Carbon Capture and Its Role in the Concrete Manufacturing Industry

Carbon dioxide emissions

Carbon capture, utilization, and storage (CCUS) is a collection of technologies that can play a significant role in mitigating climate change by reducing the amount of carbon dioxide (CO2) released into the atmosphere. CCUS involves capturing CO2 from industrial processes or directly from the air, and then utilizing or storing it long-term.

The concrete manufacturing industry is a major contributor to greenhouse gas emissions, accounting for an estimated 8% of global CO2 emissions. The production of cement, which is the main ingredient in concrete, is particularly carbon-intensive as it involves the heating of limestone and clay at high temperatures.

The use of CCUS technologies offers a promising solution for reducing CO2 emissions from the concrete industry. Post-combustion capture involves capturing CO2 from the exhaust gasses of cement plants. This captured CO2 can then be either utilized for other industrial purposes or stored underground in geological formations.

CCUS can also be used to capture CO2 directly from the air, known as direct air capture (DAC). DAC technologies are still in their early stages of development, but they have the potential to play a significant role in achieving net-zero emissions.

The captured CO2 can be utilized in various ways, including:

  • Enhanced oil recovery: CO2 can be injected into oil fields to help extract more oil, which can offset the use of virgin crude oil and reduce overall emissions.
  • Production of synthetic fuels: CO2 can be converted into synthetic fuels, such as methanol or gasoline, which can be used to power vehicles or generate electricity.
  • Production of building materials: CO2 can be used to produce a variety of building materials, such as concrete blocks and roofing tiles, which can help to sequester CO2 and reduce the carbon footprint of the construction industry.

In addition to capturing and utilizing CO2, the concrete industry is also exploring other ways to reduce its carbon footprint. These include:

  • Using alternative fuels in cement production: cement plants can reduce their emissions by using alternative fuels, such as biomass or waste-derived fuels, instead of fossil fuels.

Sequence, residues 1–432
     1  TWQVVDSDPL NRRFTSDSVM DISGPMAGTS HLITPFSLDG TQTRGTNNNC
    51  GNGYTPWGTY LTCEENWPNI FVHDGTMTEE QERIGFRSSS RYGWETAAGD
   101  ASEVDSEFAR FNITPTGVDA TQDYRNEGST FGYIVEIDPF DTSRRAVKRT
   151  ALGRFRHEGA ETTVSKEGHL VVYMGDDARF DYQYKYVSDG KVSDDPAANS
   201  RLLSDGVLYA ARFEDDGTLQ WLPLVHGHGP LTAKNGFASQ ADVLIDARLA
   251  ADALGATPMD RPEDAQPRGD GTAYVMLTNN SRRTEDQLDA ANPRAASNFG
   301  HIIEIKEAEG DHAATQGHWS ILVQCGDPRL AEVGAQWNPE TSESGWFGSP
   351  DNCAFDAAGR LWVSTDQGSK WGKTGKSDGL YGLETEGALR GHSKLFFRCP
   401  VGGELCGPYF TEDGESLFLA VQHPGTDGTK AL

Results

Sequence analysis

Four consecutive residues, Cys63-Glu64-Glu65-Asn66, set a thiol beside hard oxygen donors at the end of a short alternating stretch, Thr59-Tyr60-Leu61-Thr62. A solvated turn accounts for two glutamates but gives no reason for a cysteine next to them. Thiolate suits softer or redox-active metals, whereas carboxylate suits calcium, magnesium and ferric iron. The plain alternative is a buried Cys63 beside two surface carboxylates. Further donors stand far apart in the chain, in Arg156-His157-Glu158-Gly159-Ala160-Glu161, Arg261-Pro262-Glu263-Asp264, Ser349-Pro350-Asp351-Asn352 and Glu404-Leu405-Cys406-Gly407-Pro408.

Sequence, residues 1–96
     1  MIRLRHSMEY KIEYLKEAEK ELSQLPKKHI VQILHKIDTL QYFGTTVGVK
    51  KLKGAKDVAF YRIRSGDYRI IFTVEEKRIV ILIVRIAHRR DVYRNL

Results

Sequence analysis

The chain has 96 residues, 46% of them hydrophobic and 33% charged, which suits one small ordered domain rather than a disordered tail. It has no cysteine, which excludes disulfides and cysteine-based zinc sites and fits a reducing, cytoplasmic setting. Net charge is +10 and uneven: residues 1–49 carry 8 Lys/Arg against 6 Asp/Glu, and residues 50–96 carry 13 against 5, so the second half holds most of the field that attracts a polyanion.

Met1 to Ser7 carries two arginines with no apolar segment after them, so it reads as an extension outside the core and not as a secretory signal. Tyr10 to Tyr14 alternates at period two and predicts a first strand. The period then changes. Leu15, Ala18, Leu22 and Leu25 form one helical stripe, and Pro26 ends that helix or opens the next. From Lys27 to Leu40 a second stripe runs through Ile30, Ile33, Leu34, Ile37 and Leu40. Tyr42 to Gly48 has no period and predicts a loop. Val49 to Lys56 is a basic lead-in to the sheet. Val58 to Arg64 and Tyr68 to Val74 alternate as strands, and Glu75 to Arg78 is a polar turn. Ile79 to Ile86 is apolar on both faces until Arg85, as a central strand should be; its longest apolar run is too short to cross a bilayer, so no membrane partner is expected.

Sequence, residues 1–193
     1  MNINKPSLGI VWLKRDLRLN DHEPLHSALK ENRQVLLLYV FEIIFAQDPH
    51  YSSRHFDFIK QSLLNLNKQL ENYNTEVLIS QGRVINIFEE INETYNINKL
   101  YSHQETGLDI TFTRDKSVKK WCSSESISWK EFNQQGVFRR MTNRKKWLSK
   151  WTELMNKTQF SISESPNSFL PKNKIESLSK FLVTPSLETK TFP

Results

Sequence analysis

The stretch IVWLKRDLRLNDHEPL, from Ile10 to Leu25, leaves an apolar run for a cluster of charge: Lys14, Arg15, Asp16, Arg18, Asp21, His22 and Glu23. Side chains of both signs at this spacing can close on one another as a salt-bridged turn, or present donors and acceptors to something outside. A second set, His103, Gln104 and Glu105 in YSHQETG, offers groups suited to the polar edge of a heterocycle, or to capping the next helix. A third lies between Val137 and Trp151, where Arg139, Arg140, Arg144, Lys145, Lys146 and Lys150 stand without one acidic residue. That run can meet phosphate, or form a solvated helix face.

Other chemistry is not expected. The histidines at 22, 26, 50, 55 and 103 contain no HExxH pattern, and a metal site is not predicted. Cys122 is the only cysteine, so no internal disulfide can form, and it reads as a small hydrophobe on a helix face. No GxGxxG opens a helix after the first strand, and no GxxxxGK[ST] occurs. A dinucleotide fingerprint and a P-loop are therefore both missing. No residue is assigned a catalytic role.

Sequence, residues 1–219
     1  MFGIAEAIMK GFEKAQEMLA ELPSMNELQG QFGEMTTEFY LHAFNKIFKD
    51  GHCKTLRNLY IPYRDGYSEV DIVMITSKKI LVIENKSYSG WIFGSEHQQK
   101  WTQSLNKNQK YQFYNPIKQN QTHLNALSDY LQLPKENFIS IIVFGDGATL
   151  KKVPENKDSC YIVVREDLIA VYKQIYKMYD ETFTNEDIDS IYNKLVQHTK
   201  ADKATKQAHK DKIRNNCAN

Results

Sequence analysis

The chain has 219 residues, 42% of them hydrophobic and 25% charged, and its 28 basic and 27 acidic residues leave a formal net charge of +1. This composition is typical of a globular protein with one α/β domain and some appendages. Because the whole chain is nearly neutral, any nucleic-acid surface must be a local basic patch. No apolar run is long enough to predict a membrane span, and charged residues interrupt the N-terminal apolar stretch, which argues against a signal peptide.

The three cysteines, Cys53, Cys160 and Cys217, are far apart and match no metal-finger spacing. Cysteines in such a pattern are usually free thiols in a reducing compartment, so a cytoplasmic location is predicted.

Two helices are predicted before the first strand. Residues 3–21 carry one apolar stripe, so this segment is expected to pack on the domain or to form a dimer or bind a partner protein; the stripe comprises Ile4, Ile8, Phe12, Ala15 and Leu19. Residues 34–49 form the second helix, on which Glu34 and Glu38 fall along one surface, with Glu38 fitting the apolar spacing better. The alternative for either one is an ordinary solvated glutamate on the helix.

• Improving energy efficiency: cement plants can improve their energy efficiency by using more efficient technologies and processes, such as waste heat recovery systems.
  • Increasing the use of supplementary cementitious materials: supplementary cementitious materials, such as fly ash and slag, can be used to partially replace cement in concrete, which can reduce CO2 emissions.

By adopting CCUS technologies and other emission-reduction strategies, the concrete industry can make a significant contribution to achieving the goals of the Paris Agreement and mitigating climate change.

The Global Cement and Concrete Association (GCCA) has set a goal of achieving net-zero emissions from the concrete industry by 2050. The GCCA has developed a roadmap that outlines the key technologies and strategies that will be needed to achieve this goal, including CCUS.

The European Union has launched a number of initiatives to support the development and deployment of CCUS technologies in the concrete industry. These initiatives include the Carbon Capture and Storage Directive and the Innovation Fund.

A number of concrete companies are already exploring the use of CCUS technologies. For example, Heidelberg Materials is working on a project to capture CO2 from its cement plants in Germany and Norway. Holcim is exploring the use of DAC technologies to capture CO2 from the air.

The development of CCUS technologies for the concrete industry is still in its early stages, but there is a growing momentum behind these technologies. As CCUS technologies become more cost-effective and widely available, they are likely to play an increasingly important role in reducing carbon emissions from the concrete manufacturing industry.